On October 11, 207, five activists shut down all five pipelines carrying Canadian tar sands oil into the United States [link to map of action sites]. In a statement released that day, the “Shut It Down” activists wrote that such climate direct action is a meaningful and appropriate option “...when our governments and economic systems are committed to a course of global suicide, and are willing and able to bend the political system and civic discourse to their will.”
Reuters news service reported that this “biggest coordinated move on U.S. energy infrastructure ever undertaken by environmental protesters... shook the North American energy industry,” interdicting an estimated 15% of the US oil supply, and was a “rare instance of an environmental group focusing on disrupting operating energy infrastructure.”
The action was carefully planned over several months by an ad hoc group of activists under the name “Climate Direct Action,” and was timed in response to a call for “action and prayer” from the Standing Rock Sioux tribe, in support of their fight against the KXL pipeline.
By the end of the day, the five activists - who have come to be known as the “Valve Turners” , two supporters, and three independent videographers were arrested and charged with multiple, significant crimes, in four local jurisdictions (Clearwater County, MN, Pembina County, ND, Chouteau County, MT, and Skagit County, WA), likely under federal coordination. Another supporter and videographer would eventually be charged as well.
As of September, 2018, three Valve Turners and one supporter have been tried and convicted on felony charges, one supporter entered into a plea bargain, and charges against four video documentarians have been dropped. One Valve Turner, Michael Foster spent six months in North Dakota prison. Valve Turners Annette Klapstein and Emily Johnston, and supporter Ben Joldersma, are scheduled for trial in Bagely, MN on October 8, 2018, where they have been granted the unusual right to offer a climate necessity defense.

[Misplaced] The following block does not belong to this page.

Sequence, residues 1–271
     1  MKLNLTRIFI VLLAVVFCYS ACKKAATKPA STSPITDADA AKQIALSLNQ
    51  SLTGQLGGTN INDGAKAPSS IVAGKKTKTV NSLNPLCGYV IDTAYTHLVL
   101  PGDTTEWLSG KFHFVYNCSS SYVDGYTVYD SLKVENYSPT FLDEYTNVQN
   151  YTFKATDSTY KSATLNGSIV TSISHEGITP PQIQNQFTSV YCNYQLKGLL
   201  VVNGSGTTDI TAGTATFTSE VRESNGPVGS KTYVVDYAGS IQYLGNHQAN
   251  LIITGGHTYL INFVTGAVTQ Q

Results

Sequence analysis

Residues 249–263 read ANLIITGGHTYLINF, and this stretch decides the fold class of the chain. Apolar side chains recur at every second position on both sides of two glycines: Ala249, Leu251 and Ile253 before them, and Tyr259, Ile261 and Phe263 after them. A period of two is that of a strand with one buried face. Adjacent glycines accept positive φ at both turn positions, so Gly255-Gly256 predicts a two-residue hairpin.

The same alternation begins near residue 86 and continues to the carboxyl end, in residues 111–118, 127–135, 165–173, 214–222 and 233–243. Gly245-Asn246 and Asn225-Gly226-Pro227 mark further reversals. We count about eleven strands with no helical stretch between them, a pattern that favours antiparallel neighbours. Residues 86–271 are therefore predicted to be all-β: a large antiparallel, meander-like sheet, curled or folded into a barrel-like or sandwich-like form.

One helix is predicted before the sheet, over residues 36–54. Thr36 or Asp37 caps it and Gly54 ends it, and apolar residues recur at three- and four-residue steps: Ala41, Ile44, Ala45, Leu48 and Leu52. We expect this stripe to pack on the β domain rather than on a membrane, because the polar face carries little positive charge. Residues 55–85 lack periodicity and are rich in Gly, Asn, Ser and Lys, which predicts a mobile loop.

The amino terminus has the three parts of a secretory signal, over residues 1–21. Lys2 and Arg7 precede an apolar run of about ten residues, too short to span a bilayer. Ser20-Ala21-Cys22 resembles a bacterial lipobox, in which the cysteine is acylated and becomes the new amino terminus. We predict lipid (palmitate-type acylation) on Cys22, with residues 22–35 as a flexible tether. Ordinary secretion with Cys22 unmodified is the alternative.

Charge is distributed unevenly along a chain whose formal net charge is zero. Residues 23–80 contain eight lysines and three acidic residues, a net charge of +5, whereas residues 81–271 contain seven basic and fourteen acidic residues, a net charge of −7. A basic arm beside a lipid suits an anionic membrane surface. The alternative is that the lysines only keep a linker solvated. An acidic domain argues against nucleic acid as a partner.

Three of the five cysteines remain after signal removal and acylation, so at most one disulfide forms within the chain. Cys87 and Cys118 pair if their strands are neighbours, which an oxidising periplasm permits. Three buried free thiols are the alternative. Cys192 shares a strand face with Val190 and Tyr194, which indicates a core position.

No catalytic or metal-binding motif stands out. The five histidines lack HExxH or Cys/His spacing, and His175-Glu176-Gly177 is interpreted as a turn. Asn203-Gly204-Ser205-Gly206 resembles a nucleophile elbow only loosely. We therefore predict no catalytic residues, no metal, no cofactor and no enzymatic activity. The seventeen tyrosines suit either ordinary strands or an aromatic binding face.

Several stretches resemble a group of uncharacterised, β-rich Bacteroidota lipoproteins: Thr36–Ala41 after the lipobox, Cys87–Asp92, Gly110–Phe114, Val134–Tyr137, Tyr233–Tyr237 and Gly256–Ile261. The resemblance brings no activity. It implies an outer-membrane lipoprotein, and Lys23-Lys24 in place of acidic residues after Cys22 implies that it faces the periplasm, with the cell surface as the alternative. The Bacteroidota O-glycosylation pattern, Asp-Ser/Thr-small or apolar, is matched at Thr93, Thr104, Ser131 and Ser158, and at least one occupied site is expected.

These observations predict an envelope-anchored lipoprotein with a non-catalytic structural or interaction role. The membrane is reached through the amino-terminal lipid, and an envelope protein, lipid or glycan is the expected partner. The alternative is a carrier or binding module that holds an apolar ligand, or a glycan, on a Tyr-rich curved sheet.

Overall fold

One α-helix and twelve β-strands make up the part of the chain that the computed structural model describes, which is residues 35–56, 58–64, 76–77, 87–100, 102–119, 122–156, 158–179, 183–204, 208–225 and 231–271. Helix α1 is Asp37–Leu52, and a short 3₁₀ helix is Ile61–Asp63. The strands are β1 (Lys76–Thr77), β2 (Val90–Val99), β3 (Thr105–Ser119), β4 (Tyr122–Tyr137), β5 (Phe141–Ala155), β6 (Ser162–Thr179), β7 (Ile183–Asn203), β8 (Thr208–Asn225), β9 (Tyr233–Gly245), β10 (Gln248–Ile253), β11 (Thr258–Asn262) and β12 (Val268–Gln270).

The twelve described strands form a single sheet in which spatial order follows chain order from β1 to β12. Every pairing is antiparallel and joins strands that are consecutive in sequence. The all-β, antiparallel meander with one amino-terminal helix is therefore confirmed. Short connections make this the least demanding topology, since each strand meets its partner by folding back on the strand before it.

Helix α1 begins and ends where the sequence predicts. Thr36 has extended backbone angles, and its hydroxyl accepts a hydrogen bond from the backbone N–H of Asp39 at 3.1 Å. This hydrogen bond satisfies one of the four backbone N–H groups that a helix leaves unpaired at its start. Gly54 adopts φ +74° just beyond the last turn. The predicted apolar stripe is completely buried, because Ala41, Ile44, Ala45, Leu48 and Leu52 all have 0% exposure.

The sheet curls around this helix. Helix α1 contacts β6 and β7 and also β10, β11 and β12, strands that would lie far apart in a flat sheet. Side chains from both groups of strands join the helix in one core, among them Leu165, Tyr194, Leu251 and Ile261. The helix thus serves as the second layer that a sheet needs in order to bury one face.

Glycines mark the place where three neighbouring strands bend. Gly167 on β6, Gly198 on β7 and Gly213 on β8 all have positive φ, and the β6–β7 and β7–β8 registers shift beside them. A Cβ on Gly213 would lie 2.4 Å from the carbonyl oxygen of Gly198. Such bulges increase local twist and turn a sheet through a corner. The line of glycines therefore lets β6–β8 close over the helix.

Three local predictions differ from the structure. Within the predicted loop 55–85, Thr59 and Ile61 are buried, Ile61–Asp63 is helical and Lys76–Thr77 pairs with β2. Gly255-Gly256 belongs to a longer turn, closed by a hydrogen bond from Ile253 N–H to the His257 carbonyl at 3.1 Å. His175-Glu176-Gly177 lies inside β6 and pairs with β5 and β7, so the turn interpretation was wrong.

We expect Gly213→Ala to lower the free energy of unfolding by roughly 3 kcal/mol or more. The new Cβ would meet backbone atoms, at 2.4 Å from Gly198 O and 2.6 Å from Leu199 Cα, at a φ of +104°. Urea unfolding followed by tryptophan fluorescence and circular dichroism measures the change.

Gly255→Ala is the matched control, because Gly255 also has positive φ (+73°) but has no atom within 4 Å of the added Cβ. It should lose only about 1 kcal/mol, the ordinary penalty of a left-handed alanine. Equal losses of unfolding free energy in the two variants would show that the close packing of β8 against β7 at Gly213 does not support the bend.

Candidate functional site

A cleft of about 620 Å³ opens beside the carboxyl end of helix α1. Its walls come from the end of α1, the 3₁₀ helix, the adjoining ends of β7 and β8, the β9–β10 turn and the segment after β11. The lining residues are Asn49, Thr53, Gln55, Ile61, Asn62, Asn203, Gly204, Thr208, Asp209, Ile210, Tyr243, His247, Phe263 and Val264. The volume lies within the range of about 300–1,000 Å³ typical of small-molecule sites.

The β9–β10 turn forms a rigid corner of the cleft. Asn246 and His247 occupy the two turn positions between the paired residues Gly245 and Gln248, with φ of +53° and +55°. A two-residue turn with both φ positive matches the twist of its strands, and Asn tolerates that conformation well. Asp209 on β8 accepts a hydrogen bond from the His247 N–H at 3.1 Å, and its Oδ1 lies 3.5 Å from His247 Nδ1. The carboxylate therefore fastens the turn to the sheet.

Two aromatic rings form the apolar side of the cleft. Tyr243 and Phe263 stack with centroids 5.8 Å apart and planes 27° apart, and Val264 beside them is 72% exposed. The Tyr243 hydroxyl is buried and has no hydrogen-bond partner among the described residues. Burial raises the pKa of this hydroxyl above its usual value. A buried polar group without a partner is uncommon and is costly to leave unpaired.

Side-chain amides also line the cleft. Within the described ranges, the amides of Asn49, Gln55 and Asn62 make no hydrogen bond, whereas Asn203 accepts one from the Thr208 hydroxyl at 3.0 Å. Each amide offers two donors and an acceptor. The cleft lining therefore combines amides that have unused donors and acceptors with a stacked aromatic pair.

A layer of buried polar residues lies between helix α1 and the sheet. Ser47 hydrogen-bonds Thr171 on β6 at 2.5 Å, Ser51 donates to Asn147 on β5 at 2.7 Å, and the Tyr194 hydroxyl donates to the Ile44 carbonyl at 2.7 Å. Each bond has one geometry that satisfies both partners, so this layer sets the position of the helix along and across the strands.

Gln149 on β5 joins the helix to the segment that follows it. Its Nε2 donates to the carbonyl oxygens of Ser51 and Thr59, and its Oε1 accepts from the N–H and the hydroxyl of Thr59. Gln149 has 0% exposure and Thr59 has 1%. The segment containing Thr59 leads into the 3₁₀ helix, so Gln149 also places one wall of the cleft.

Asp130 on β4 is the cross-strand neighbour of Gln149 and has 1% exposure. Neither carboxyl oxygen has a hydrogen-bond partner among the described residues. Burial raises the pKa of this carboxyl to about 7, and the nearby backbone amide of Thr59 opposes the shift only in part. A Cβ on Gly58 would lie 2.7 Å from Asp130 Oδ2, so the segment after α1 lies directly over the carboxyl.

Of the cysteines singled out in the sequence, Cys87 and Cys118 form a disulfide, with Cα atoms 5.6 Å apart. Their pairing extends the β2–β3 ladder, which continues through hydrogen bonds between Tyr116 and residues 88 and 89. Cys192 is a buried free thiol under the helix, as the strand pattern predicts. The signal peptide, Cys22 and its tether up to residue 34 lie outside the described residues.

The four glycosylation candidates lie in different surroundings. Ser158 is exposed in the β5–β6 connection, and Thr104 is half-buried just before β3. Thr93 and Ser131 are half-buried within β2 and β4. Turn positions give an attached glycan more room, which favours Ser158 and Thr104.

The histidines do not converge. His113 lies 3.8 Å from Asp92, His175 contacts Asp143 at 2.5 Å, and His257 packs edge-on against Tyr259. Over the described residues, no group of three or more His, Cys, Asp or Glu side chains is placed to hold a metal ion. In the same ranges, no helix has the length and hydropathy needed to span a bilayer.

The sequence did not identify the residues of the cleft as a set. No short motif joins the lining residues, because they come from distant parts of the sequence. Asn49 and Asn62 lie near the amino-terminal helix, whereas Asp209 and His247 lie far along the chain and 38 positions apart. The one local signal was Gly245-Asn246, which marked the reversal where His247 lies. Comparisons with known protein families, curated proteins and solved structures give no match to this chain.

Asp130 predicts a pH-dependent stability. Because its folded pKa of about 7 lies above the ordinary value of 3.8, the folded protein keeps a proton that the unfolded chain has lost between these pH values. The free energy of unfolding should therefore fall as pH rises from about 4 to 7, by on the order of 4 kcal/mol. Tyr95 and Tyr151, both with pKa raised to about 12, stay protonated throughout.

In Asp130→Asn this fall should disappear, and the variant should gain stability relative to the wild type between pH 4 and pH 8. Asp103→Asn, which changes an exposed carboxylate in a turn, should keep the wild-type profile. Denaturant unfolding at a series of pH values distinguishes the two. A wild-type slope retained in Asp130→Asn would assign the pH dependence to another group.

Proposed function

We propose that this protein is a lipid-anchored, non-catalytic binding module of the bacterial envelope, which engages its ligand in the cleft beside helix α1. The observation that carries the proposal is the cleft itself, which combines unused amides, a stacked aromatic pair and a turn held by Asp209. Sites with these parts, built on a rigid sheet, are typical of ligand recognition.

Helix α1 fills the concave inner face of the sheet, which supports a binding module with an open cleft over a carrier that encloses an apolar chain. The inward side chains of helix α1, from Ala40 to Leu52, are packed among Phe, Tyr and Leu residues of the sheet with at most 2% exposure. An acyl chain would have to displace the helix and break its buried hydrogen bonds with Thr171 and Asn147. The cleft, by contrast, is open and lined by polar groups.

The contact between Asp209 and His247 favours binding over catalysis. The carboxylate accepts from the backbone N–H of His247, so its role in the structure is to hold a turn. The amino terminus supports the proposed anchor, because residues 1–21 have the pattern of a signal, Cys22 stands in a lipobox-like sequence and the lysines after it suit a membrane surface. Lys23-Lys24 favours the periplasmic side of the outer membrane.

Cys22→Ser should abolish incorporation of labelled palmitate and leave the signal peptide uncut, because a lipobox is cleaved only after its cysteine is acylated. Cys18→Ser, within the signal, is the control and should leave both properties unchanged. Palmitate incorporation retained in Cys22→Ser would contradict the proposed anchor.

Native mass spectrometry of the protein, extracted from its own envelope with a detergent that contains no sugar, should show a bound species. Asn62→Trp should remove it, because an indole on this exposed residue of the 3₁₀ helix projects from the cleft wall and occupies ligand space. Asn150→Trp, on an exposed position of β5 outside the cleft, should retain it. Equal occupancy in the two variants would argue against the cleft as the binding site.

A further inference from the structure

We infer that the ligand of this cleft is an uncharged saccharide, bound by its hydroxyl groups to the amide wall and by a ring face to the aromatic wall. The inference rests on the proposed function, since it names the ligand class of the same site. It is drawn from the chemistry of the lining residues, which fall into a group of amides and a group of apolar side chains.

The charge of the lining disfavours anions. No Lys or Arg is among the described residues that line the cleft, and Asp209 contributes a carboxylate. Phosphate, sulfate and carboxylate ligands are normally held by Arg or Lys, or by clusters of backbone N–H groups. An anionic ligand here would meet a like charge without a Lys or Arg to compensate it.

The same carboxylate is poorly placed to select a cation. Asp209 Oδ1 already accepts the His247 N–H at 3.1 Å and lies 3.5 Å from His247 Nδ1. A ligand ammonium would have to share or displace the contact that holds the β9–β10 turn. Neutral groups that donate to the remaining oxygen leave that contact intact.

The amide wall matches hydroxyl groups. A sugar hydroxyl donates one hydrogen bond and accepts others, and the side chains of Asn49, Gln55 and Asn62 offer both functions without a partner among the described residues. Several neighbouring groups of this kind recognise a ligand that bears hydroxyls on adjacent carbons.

This substantial law enforcement response has been insufficient for the pipeline industry, which through corporate lobbying front groups, like the American Legislative Affairs Council, is pressing for harsher legal action. An October, 2017 letter to US Attorney General Jeff Sessions, coordinated by ALEC, signed by 84 members of Congress, asked whether the Department of Justice has “taken any prosecutorial action... against those involved with the highly publicized October 11, 2018 attempted sabotage of four major crude oil pipelines in multiple states.”
The Shut It Down action received a good deal of mainstream and social media attention, and, as part of the broader struggle against pipeline construction galvanized by the Standing Rock KXL pipeline struggle, has been galvanizing for activists. Two documentary films cover the action, produced by three videographers who were charged after the action - Steve Liptay’s Valve Turners, and The Reluctant Radical, produced by Lindsey Grayzell and Deia Schlosberg. Thousands of supporters have attended trials, organized community forums, written to incarcerated Valve Turner Michael Foster, contributed to the Shut It Down legal defense, and are now gearing up for the Minnesota climate necessity trial on October 8, 2018.
Meaning of the Action
The change in US civic discourse in the two years since the Shut It Down action is staggering. Even as the speed of climate collapse has accelerated with nearly incomprehensible speed, this single greatest challenge to the integrity of global ecosystems, and maintenance of convictions that make civilization possible, is virtually ignored. Things are far worse than two years ago, and our capacity to do anything meaningful to arrest the harm is negligible.
Facing this existential struggle to continue with confidence in the face of chaos is at the very core of what the Valve Turners’ intended in the Shut it Down action. In a recent post, Emily Johnston spoke of the challenge to every one of us, not just those brave enough to shut down pipelines:
“it’s such an astonishing honor to live in this moment, knowing that we probably still have the power to set the world back onto a stable path, and thereby make life better, or at least possible, for countless people and other beings. I cannot imagine anything more meaningful.”